This last weekend we stood in a huge line at the cinema to go in and see Contagion.
Contagion

I enjoyed it, it has a very solid cast and it nicely touches on the numerous things that can go wrong in the case of a massive epidemic. Unlike your usual zombie film, Contagion is much more realistic (I would actually say optimistic), touching on a very possible threat and our inability to cope with it, should it take place. Everyone in the film does some mistake that makes the situation in some way worse and you can see how all of them are done out of an intention to do good. I think it’s worth viewing, but if you start feeling that there are too many people in the cinema coughing too close to you and want to run away, don’t say I didn’t warn you!

I also got to see Margin Call this week, a film about a very different threat, but somewhat similar to Contagion in my opinion.

Margin Call

Margin Call explores a very possible scenario of discoveries, discussions and decisions that may have taken place in an investment bank at the beginning of the financial crisis. The cast is again very strong and Kevin Spacey and Jeremy Irons are fantastic as usual. I think that just like Contagion, it has a very well written script and it’s well played out, touching on numerous problems surrounding the finance world, especially during a crisis. It doesn’t try to incriminate anyone (at least I didn’t feel it did), all the people involved are just doing what they think is right (and what is actually right by some measure) to try and salvage what’s important to them… for some, it’s keeping the company afloat, for others it’s having money for their family. Nonetheless, they are aware of the consequences their actions will have on the world’s markets and they struggle with that. By Hollywood standards, Margin Call is a low-budget film (just barely $4mil), but nonetheless I think it’s a very strong production that also comes at a very interesting time.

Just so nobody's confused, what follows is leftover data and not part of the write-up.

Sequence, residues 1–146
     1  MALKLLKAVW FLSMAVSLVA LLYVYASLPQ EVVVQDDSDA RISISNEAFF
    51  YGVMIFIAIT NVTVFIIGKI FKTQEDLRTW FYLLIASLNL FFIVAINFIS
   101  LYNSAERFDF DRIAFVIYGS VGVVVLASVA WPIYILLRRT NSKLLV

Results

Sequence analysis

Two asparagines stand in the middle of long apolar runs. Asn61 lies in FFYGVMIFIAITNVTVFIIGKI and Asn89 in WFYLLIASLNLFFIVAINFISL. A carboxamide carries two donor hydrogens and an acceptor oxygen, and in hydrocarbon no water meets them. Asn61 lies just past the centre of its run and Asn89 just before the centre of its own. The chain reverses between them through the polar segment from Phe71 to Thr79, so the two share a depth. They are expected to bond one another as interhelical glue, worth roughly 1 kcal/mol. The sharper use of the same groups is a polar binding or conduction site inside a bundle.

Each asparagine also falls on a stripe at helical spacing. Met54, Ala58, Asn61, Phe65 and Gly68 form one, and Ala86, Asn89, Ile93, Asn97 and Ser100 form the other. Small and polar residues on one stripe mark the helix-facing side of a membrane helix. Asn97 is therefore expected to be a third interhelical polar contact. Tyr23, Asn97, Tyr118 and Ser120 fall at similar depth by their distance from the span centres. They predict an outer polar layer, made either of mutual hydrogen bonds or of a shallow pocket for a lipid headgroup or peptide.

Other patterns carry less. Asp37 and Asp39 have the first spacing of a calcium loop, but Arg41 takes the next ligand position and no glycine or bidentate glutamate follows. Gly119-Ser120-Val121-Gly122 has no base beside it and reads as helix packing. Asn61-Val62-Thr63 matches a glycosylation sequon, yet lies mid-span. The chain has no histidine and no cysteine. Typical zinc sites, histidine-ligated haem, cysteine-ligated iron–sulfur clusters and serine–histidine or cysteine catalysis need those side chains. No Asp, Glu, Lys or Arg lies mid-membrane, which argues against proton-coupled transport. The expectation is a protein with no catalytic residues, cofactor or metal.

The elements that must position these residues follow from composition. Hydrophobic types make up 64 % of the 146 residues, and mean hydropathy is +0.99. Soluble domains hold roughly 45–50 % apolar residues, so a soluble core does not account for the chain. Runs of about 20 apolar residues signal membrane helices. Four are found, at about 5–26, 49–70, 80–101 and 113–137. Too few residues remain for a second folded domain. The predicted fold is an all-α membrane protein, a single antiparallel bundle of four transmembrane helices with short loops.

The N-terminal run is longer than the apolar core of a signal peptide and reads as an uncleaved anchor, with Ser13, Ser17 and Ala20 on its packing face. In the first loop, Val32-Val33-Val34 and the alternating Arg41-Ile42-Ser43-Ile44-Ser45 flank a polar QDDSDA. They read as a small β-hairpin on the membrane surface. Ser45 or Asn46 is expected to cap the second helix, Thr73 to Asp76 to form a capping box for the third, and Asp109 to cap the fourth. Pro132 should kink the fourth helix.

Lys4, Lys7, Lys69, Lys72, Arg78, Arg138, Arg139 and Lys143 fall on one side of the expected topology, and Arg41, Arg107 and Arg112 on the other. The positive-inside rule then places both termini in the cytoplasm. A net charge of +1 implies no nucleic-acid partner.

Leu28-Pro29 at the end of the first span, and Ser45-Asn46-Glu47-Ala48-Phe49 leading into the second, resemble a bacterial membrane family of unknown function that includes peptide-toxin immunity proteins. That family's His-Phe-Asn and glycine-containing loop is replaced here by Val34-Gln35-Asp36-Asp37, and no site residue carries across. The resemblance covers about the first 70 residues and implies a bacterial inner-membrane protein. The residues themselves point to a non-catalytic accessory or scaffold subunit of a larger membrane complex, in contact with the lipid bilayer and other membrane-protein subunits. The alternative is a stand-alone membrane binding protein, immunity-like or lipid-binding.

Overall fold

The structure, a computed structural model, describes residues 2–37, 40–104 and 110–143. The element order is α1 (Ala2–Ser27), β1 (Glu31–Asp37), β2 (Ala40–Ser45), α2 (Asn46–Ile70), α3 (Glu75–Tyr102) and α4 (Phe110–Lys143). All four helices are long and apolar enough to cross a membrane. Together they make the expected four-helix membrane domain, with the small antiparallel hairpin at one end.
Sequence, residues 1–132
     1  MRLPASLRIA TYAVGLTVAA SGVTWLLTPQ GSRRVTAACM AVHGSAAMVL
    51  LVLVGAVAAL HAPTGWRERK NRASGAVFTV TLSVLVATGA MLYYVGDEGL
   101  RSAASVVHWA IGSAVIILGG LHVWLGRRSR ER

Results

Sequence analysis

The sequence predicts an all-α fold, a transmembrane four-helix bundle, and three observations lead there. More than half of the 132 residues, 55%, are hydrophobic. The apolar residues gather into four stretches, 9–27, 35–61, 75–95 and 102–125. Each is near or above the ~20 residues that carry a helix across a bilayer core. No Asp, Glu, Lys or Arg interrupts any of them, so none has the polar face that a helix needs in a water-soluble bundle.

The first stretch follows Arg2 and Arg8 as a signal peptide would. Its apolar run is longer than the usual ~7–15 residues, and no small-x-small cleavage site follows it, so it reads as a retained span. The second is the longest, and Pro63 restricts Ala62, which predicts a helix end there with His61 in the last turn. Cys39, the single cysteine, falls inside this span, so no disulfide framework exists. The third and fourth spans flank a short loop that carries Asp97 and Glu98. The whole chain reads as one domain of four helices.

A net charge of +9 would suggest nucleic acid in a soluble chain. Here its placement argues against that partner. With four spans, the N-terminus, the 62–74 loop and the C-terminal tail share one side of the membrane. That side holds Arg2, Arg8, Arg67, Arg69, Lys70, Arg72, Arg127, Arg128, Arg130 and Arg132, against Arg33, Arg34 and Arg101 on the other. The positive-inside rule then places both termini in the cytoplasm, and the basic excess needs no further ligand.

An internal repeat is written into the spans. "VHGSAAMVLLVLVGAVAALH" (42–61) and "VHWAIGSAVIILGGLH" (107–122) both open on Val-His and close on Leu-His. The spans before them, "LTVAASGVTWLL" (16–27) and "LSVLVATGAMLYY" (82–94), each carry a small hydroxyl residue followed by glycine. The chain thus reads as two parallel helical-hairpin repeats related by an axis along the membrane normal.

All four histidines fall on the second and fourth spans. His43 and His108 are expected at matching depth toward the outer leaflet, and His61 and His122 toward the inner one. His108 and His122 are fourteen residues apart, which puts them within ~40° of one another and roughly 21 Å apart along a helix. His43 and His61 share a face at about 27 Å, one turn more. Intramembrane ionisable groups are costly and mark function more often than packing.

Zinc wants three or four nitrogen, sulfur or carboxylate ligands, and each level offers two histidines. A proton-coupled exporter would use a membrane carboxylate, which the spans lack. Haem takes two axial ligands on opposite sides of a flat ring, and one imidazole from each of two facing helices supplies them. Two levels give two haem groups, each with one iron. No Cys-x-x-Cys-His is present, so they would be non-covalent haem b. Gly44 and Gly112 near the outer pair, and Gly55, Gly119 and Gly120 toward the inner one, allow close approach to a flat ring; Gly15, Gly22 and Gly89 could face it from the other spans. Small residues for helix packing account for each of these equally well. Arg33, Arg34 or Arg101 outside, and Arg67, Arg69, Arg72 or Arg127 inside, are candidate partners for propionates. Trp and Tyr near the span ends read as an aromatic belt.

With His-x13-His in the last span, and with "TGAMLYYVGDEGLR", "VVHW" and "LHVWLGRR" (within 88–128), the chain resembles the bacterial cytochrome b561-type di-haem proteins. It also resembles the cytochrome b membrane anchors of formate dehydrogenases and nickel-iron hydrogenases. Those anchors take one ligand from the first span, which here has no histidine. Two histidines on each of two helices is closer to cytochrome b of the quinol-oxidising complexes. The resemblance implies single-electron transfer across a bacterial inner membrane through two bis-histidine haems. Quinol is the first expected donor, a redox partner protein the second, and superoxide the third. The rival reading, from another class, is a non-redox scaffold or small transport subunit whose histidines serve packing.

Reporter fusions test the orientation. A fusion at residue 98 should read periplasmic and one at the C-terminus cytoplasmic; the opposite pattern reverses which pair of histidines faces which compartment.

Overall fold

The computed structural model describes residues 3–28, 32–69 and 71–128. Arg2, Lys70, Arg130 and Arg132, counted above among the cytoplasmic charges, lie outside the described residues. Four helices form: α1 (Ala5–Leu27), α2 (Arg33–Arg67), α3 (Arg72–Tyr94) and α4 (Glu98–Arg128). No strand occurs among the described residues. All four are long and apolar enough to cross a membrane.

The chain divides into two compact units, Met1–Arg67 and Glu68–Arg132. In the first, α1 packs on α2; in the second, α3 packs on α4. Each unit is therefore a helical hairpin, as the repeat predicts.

Both films (and that’s partly why I put them together) are something I haven’t seen in a while. The tension comes from the inner struggles of the characters, not from the action itself (in Contagion there is some tension from the action, but the core of it is really with the characters). The actors really make or break these types of films and in this case they do very well.

If you’re not into zombies jumping out of closets, either film could be seen as quite a good “horror” flick for the Halloween weekend. After all, a financial meltdown or a dangerous epidemic are much more real and thus scarier threats than vampires and werewolves. But for the weekend, I may just stick with Bruce Campbell‘s cult-classics.